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quaking conversation

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i want to talk about haiti.
how the earth had to break
the island’s spine to wake
the world up to her screaming.
how this post-earthquake crisis
is not natural
or supernatural.
i want to talk about disasters.
how men make them
with embargoes, exploitation,
stigma, sabotage, scalding
debt and cold shoulders.
talk centuries
of political corruption
so commonplace
it's lukewarm, tap.
talk january 1, 1804
and how it shed life.
talk 1937
and how it bled death.
talk 1964.  1986.  1991.  2004.  2008.
how history is the word
that makes today
uneven, possible.
talk new orleans,
palestine, sri lanka,
the bronx and other points
or connection.
talk resilience and miracles.
how haitian elders sing in time
to their grumbling bellies
and stubborn hearts.
how after weeks under the rubble,
a baby is pulled out,
awake, dehydrated, adorable, telling
stories with old-soul eyes.
how many more are still
buried, breathing, praying and waiting?
intact despite the veil of fear and dust
coating their bruised faces?
i want to talk about our irreversible dead.
the artists, the activists, the spiritual leaders,
the family members, the friends, the merchants
the outcasts, the cons.
all of them, my newest ancestors,
all of them, hovering now,
watching our collective response,
keeping score, making bets.
i want to talk about money.
how one man's recession might be
another man's unachievable reality.
how unfair that is.
how i see a haitian woman’s face
every time i look down at a hot meal,
slip into my bed, take a sip of water,
show mercy to a mirror.
how if my parents had made different
decisions three decades ago,
it could have been my arm
sticking out of a mass grave
i want to talk about gratitude.
i want to talk about compassion.
i want to talk about respect.
how even the desperate deserve it.
how haitians sometimes greet each other
with the two words “honor”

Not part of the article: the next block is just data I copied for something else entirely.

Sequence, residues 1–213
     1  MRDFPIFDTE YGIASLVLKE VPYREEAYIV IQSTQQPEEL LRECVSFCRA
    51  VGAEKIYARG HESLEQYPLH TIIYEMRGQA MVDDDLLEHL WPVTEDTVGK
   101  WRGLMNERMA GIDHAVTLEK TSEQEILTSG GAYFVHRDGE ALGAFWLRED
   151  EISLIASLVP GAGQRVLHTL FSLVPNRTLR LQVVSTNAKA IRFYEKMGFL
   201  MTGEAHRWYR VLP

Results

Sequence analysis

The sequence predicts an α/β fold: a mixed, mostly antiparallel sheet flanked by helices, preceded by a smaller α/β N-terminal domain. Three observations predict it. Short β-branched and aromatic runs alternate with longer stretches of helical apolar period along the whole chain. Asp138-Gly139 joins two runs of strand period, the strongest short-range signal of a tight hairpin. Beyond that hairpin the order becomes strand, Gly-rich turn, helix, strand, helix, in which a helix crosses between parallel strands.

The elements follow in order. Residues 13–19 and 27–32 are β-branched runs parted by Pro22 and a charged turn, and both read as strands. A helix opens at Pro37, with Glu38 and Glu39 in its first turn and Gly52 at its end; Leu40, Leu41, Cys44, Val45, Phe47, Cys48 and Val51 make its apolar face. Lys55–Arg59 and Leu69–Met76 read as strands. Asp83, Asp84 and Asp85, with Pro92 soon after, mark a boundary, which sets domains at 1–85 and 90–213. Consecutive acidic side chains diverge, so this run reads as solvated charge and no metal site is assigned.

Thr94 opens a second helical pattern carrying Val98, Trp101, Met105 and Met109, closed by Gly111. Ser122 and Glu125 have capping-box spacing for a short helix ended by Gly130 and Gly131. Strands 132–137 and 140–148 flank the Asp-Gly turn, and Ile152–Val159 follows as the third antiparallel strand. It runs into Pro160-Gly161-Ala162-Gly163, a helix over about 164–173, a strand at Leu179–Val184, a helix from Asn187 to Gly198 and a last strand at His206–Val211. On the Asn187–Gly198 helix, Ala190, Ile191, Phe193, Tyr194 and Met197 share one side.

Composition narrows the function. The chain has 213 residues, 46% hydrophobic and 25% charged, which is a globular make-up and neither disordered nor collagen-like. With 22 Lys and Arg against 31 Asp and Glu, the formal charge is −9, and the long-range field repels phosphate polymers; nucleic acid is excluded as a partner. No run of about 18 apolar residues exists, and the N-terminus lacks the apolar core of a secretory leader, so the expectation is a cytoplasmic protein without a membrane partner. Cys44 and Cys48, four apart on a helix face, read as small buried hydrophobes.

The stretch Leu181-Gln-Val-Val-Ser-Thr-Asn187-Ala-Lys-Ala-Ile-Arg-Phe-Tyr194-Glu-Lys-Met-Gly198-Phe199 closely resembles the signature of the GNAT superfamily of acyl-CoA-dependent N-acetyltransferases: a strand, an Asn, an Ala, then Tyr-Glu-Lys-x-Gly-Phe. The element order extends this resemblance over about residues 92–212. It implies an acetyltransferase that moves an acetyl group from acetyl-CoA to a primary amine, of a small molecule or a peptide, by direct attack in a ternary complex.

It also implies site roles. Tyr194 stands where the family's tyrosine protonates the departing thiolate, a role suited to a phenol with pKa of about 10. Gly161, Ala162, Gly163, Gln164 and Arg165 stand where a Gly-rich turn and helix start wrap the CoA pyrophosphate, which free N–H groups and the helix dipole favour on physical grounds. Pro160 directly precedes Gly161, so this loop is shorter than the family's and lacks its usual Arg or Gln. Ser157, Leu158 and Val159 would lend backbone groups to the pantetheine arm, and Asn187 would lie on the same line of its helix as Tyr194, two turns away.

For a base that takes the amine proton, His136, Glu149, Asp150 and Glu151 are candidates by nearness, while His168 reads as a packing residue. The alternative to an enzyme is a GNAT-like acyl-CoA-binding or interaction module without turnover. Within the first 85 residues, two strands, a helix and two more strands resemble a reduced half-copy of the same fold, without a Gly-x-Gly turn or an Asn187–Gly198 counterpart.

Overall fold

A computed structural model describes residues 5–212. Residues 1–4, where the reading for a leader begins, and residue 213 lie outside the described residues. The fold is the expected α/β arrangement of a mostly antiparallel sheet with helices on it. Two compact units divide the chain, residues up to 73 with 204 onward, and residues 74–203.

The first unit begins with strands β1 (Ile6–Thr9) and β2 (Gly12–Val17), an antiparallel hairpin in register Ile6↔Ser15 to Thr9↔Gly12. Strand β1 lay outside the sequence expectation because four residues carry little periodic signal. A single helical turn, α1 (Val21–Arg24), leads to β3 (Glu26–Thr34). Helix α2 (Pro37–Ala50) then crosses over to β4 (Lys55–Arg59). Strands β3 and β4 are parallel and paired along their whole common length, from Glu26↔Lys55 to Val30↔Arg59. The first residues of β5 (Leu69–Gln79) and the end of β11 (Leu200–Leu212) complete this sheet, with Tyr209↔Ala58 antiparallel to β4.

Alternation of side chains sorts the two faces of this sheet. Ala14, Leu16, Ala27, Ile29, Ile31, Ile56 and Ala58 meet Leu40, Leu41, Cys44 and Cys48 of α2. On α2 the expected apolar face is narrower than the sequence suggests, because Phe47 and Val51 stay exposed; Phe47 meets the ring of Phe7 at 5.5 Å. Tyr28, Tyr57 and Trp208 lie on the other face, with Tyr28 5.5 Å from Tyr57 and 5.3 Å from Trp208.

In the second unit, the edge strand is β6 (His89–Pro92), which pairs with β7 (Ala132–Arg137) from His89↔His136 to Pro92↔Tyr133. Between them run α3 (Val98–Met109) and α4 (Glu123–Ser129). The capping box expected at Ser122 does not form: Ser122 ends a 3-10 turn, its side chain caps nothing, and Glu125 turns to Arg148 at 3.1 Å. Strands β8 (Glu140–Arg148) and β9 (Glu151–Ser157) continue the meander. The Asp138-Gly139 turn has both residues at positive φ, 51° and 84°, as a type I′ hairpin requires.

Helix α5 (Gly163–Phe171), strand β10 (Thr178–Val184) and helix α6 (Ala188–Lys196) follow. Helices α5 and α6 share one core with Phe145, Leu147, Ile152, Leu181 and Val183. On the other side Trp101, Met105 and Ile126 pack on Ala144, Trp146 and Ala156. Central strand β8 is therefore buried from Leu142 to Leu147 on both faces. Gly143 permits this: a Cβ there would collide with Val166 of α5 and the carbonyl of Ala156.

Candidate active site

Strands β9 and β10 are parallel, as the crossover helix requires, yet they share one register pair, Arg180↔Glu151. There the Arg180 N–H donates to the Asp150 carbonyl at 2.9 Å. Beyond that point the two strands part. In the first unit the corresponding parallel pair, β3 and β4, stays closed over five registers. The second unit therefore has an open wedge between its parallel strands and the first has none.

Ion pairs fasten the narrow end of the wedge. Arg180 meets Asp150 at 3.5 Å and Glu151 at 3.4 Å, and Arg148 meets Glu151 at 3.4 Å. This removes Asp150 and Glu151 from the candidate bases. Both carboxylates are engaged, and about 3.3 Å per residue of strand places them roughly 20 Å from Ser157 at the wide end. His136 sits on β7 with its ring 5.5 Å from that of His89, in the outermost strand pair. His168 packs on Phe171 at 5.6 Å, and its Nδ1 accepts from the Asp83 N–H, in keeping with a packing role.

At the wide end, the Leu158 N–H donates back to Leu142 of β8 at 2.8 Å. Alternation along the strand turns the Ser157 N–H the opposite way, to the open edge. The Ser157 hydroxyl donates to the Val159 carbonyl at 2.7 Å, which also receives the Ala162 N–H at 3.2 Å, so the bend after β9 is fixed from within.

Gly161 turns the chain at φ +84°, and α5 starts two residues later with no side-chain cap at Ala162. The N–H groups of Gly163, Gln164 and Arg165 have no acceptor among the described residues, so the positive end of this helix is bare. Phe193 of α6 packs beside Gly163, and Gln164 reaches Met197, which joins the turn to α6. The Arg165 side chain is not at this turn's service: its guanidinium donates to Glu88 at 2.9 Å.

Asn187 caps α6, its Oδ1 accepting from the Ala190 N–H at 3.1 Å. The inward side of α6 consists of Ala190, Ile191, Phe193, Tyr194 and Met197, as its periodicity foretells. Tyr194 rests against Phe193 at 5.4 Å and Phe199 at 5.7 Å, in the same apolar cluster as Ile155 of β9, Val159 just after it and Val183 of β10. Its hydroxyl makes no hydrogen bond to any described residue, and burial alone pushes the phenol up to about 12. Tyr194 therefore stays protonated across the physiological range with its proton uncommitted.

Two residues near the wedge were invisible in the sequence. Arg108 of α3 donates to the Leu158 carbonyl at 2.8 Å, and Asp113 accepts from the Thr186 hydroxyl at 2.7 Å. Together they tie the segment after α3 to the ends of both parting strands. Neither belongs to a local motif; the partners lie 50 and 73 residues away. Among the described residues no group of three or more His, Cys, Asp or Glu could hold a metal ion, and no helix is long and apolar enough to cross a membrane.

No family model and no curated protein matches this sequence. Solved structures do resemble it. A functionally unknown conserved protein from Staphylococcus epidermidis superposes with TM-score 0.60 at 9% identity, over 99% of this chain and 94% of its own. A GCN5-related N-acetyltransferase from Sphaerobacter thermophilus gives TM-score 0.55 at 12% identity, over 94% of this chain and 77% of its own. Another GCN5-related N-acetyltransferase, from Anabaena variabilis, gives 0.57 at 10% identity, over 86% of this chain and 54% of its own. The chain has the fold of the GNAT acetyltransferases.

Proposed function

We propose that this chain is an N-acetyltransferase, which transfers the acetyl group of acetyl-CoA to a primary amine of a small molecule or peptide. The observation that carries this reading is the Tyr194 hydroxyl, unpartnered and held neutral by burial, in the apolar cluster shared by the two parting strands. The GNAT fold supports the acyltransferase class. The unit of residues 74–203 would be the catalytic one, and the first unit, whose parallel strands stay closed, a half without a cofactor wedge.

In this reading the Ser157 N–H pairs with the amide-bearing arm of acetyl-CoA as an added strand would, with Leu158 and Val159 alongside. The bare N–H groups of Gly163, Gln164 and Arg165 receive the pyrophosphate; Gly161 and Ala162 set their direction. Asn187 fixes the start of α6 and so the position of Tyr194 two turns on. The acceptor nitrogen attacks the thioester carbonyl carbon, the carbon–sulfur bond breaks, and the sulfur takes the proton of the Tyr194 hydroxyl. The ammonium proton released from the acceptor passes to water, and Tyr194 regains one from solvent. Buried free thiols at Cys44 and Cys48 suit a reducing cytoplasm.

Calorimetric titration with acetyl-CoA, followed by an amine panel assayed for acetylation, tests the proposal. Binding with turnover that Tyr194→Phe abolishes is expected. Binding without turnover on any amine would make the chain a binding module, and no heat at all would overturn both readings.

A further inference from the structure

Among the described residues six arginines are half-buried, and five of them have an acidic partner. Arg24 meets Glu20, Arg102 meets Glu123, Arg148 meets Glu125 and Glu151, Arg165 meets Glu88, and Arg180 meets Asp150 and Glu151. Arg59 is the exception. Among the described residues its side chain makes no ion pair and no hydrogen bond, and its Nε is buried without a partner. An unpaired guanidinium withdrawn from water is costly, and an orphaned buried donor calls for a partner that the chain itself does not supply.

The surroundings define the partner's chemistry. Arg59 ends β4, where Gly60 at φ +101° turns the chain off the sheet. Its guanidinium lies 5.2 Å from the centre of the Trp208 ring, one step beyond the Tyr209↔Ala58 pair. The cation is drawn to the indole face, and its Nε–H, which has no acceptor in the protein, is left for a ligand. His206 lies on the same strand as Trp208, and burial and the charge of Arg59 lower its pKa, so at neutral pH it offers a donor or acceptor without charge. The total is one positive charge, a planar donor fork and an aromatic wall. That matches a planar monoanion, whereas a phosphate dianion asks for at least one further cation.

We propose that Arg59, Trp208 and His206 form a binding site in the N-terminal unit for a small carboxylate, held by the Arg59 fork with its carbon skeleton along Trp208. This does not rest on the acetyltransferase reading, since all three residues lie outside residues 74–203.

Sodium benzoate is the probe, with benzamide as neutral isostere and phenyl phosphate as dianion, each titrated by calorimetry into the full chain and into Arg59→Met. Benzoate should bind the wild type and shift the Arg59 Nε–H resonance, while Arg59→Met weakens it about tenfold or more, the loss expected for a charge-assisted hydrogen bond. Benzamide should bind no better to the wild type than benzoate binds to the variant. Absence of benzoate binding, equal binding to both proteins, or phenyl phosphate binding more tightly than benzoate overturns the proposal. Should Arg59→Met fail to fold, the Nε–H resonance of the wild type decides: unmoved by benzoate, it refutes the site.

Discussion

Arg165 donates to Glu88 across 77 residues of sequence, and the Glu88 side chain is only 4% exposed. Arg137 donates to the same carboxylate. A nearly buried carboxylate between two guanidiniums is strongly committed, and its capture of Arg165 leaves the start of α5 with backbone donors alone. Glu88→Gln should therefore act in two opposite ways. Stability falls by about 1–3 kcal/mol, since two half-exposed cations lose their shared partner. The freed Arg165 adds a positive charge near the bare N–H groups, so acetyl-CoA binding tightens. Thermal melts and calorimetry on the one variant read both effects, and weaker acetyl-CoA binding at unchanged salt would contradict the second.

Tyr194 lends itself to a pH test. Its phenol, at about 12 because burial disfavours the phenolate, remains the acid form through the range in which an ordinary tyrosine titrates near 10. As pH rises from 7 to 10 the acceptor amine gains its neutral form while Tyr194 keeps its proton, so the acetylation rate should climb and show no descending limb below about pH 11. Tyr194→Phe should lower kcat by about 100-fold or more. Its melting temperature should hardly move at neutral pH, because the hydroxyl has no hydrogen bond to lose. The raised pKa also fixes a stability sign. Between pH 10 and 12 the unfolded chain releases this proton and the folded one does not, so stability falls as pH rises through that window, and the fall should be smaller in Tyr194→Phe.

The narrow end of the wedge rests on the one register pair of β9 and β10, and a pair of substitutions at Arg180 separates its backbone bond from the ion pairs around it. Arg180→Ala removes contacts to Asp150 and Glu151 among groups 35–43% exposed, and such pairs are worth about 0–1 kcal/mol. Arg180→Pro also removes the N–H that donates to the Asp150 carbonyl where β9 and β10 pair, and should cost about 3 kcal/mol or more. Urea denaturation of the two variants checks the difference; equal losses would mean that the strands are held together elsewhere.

and “respect.”
how we all should follow suit.
try every time you hear the word “victim,”
you think “honor.”
try every time you hear the tag “john doe,”
you shout “respect!”
because my people have names.
because my people have nerve.
because my people are
your people in disguise
i want to talk about haiti.
i always talk about haiti.
my mouth quaking with her love,
complexity, honor and respect.
come sit, come stand, come
cry with me. talk.
there’s much to say.
walk. much more to do.

Lenelle Moïse, "quaking conversation" from Haiti Glass. Copyright © 2014 by Lenelle Moïse.  Reprinted by permission of City Lights Books, www.citylights.com.
Source: Haiti Glass (City Lights Books, 2014)
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quaking conversation

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  • Poet, playwright, and performance artist Lenelle Moïse was born in Port-au-Prince, Haiti, and grew up in the suburbs of Boston. She earned an MFA in playwriting from Smith College. When she was 20 years old, Moïse wrote the screenplay for Bolivian director Rodrigo Bellot’s film Sexual Dependency, which has been screened at numerous international film festivals. Her first collection of poetry, Haiti Glass (2015), won the PEN Oakland Josephine Miles Literary Award. Her poetry and prose have appeared widely in anthologies such as Word Warriors: 35 Women Leaders in the Spoken Word Revolution (2007) and We Don't Need Another Wave: Dispatches from the Next Generation of Feminists (2006).
    In her work, influenced by both jazz and hip-hop, Moïse explores the intersections of race, gender, sexual identity, and memory. Her most recent one-woman shows include Word Life, an autobiographical coming-of-age story, and Speaking Intersections, an investigation of queer poetics and prose. She...

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